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If finalized, the EPA proposal would also revoke California’s ability to set its own goals used by 13 other states and ignite a fresh legal battle.
The Environmental Protection Agency issued a draft proposal Thursday that would lock fuel economy and tailpipe emissions standards beginning in model year 2020 and halt implementation of stiffer requirements for cars and trucks put in place by the Obama administration.
On April 2, EPA determined the 2022 to 2025 standards set by the agency in 2012 were unattainable, a finding California is challenging in court. The new standards the EPA’s plan sets would last through 2026.
California’s Clean Air Act waiver—which saw the state set a more aggressive target of 50 miles per gallon by 2025, a move subsequently adopted by another 13 states—would be revoked under the Trump administration proposal. EPA argues California is “attempting to solve climate change” rather than “addressing smog-related air quality problems,” which runs counter to the waiver’s original purpose.
“Our proposal aims to strike the right regulatory balance based on the most recent information and create a 50-state solution that will enable more Americans to afford newer, safer vehicles that pollute less,” said Andrew Wheeler, EPA acting administrator, in a statement. “More realistic standards can save lives while continuing to improve the environment.”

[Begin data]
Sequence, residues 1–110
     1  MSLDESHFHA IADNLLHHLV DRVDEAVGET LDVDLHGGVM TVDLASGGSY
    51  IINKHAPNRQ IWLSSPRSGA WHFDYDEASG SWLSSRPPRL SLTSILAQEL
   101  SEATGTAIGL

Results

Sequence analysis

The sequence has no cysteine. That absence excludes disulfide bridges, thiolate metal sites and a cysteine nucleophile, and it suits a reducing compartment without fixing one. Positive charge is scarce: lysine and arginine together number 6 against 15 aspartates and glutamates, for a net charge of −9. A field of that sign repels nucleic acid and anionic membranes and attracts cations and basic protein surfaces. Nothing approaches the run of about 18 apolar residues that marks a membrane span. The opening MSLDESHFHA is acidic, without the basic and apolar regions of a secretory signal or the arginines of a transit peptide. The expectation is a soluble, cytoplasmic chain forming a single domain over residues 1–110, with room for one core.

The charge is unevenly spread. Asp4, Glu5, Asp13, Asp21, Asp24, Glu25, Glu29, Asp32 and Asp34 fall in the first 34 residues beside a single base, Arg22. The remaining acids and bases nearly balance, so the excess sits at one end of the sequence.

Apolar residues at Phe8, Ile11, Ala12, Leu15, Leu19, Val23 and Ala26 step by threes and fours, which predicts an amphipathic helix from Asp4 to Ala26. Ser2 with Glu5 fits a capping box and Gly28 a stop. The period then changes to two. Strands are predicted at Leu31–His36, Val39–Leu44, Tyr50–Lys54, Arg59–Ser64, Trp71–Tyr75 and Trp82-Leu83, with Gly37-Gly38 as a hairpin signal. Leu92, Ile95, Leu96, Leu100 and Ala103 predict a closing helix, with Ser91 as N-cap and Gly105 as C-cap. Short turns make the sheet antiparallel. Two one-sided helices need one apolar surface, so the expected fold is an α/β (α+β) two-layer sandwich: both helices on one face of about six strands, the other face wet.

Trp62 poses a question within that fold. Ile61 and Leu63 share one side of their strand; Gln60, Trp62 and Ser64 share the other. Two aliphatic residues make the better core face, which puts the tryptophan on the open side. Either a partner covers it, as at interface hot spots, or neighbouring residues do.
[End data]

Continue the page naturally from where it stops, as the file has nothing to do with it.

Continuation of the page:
Under current standards, vehicle costs have risen to $35,000 on average, an increase of $2,340 since 2012, in addition to $500 billion in “societal costs” to the U.S. economy, according to the proposal. Those losses include technological, traffic fatality, congestion and noise costs.
The “next generation” Safer Affordable Fuel-Efficient, or SAFE, Vehicles Rule will “correct” Corporate Average Fuel Economy standards to 37 miles per gallon and save about 1,000 lives annually compared to the Obama-era goals, according to the proposal. Drivers will be less inclined to buy vehicles when they have to pay more for gas at the pump, meaning fewer people will be on the road and there will be fewer traffic fatalities, Wheeler testified before the Senate Environment and Public Works Committee on Wednesday.
Critics lambasted the Trump administration’s analysis.
“At first glance, this proposal completely misrepresents costs and savings. It also relies on bizarre assumptions about consumer behavior to make its case on safety,” said Mary Nichols, chair of the California Air Resources Board, in a statement. “CARB will examine all 978 pages of fine print to figure out how the administration can possibly justify its absurd conclusion that weakening standards to allow dirtier, less efficient vehicles will actually save lives and money.”
Car and truck carbon dioxide emissions are responsible for thousands of deaths per year in the U.S., and that pollution needs to decrease 10 percent annually across the developed world to even get close to the Paris Agreement’s maximum 2 degree increase in global temperatures, said Neil Donahue, Carnegie Mellon University chemical engineering professor, in a statement.
Freezing standards would cost the U.S. economy $457 billion by 2050 because early savings building cheaper, less efficient cars would be outweighed by increased fuel expenses year over year, according to Energy Innovation: Policy and Technology LLC research. But, should California win its court case against EPA, only 65 percent of the vehicle market would be affected by Trump policy—lessening the blow to $274 billion.